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Environmental Factor, November 2012

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NIEHS researchers describe important cell signaling mechanism

By Ernie Hood

LST chief John Cidlowski, Ph.D.

Cidlowski heads the Molecular Endocrinology Group in LST. (Photo courtesy of Steve McCaw)

Robert Oakley, Ph.D.

As lead author for the paper, most of the work and analysis was a result of Oakley’s expertise. (Photo courtesy of Steve McCaw)

Scientists in the NIEHS Laboratory of Signal Transduction (LST) have discovered a mechanism by which glucocorticoids, stress hormones produced by the body to maintain homeostasis, act upon certain key cellular receptors. Since synthetic glucocorticoids are one of the most widely prescribed pharmaceuticals in the world — treating inflammatory diseases, autoimmune illnesses, organ transplant rejection, and lymphoid system cancers —understanding this signaling mechanism could lead to more precisely targeted therapeutic treatments that have increased efficacy and fewer side effects.

The research team, led by LST chief John Cidlowski, Ph.D., staff scientist Robert Oakley, Ph.D., and former research fellow Javier Revollo, Ph.D., published the paper online Oct. 8 in the Proceedings of the National Academy of Sciences (PNAS).

Cellular cross-talk

Using multiple cell types in its experiments, the Cidlowski group demonstrated that glucocorticoids act upon G protein-coupled receptors (GPCRs) by upregulating the gene expression of one signaling protein called beta-arrestin-1, while simultaneously downregulating expression of another, beta-arrestin-2. In other words, the researchers revealed that an important exchange of information was going on between receptors on the surface of a cell and those on the nucleus. This communication can either help or hinder how well GPCR-based treatments work.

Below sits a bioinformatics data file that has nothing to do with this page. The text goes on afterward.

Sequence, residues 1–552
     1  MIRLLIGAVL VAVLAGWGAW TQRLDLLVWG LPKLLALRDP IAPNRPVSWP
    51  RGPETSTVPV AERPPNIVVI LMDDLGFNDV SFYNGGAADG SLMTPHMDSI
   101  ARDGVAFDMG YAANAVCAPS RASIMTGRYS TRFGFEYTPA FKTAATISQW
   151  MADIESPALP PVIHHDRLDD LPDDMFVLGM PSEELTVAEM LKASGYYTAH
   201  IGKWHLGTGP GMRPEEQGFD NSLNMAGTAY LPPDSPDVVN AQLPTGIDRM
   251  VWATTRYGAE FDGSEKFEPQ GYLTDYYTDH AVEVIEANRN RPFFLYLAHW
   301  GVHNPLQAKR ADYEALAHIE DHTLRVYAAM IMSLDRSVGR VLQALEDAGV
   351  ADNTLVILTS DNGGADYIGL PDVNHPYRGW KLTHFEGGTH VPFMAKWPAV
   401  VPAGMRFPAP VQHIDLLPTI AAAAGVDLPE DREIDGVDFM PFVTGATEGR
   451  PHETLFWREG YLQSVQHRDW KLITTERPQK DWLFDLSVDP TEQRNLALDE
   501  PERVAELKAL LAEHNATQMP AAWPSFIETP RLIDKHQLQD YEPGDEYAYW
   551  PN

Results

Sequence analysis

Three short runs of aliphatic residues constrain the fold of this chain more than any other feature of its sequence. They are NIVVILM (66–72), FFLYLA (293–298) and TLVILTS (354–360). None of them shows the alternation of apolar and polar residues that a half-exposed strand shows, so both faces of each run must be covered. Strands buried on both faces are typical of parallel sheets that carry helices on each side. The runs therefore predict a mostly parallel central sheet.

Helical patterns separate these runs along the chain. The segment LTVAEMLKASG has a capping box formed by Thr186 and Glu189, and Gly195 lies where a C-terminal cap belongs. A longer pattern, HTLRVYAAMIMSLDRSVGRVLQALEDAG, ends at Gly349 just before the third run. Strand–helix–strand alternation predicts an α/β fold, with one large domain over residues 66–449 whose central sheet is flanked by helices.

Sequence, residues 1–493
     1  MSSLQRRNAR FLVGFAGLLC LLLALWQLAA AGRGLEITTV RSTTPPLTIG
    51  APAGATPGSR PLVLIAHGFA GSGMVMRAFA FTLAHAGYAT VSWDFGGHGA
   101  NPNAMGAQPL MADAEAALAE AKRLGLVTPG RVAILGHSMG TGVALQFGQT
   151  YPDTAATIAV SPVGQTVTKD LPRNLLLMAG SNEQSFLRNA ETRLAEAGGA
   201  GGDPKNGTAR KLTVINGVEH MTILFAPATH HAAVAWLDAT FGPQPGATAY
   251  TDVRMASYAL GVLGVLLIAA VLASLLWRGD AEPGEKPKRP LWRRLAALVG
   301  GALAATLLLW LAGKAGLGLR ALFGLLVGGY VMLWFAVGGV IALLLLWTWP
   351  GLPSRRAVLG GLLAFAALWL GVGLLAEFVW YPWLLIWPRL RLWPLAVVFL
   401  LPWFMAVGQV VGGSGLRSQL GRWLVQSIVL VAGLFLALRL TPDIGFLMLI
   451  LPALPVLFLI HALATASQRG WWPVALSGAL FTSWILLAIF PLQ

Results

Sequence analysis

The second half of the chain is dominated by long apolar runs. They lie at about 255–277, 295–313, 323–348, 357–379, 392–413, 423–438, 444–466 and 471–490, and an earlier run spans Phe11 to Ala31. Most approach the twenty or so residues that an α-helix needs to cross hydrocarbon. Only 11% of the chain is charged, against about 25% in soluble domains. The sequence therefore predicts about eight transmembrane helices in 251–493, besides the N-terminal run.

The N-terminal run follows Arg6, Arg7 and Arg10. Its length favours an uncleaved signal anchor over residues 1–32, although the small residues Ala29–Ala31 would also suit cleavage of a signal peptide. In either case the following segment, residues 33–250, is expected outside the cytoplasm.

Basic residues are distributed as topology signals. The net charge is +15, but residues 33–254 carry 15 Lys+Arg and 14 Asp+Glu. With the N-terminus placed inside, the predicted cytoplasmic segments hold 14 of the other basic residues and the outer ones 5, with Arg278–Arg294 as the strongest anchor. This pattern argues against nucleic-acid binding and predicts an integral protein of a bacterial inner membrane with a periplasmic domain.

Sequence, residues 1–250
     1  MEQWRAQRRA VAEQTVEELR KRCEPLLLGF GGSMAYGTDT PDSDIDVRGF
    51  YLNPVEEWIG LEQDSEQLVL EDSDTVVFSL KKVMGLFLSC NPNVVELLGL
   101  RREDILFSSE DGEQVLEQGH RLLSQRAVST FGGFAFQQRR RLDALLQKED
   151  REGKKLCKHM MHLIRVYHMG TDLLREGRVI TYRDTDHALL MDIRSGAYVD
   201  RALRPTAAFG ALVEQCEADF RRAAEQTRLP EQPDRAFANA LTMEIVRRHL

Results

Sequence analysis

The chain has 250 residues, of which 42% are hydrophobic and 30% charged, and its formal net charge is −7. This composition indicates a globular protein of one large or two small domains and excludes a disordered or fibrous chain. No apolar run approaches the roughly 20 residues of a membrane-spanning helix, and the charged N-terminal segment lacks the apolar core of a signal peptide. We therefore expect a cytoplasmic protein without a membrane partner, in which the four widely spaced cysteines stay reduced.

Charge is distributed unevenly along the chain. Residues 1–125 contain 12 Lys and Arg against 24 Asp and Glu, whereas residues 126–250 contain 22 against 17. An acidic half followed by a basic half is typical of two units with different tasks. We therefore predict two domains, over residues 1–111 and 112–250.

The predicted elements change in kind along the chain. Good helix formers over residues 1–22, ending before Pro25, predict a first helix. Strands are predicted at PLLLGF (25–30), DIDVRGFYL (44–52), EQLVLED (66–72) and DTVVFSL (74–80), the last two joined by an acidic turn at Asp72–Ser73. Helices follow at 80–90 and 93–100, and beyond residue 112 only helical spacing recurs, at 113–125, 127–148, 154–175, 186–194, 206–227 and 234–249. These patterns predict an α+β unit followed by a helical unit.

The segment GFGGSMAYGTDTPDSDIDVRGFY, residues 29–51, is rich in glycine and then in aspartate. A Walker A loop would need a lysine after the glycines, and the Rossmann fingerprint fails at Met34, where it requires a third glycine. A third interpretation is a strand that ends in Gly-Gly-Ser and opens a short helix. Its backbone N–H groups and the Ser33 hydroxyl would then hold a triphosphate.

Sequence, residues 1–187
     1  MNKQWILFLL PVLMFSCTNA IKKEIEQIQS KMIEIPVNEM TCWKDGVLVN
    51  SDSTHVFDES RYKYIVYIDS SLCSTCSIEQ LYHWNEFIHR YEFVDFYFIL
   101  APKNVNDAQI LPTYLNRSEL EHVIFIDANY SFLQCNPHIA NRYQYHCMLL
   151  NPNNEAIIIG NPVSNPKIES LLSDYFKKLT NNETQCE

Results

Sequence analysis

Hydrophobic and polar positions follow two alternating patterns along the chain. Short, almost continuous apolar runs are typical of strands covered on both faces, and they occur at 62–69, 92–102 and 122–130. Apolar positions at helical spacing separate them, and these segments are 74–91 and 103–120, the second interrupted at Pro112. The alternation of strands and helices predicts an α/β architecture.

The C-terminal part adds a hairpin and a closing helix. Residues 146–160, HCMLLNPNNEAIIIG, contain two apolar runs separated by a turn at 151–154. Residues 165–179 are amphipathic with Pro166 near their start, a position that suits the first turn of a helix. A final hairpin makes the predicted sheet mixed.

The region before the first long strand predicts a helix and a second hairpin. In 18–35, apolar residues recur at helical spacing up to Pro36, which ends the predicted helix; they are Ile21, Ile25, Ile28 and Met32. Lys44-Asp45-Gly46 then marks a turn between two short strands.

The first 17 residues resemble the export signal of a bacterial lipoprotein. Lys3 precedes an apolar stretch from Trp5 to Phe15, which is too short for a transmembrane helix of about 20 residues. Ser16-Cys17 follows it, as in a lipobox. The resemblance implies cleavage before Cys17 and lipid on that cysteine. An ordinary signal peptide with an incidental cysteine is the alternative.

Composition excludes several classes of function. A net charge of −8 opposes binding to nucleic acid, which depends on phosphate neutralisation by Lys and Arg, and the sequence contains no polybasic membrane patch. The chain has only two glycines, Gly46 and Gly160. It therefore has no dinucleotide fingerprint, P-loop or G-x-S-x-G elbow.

“Our work shows that glucocorticoid signaling pathways ultimately may determine the effect of pharmaceuticals in humans,” Cidlowski said.

Their findings may provide the molecular basis for the clinical synergism observed with glucocorticoid-GPCR agonist combination therapies currently used to treat asthma and chronic obstructive pulmonary disease (COPD). Understanding the mechanisms that make these combinations so powerful may allow the development of other regimens involving glucocorticoids and GPCR-targeted treatments that will be more safe and effective.

Interestingly, the person who edited Cidlowski’s PNAS paper, Duke University researcher Robert Lefkowitz, M.D., just shared the 2012 Nobel Prize in Chemistry for his seminal discoveries related to GPCRs. Both Cidlowski and Lefkowitz have dedicated the majority of their careers to understanding these important receptors.

Citation: Oakley RH, Revollo J, Cidlowski JA. 2012. Glucocorticoids regulate arrestin gene expression and redirect the signaling profile of G protein-coupled receptors. Proc Natl Acad Sci U S A 109(43):17591-17596.

(Ernie Hood is a contract writer for the NIEHS Office of Communications and Public Liaison.)

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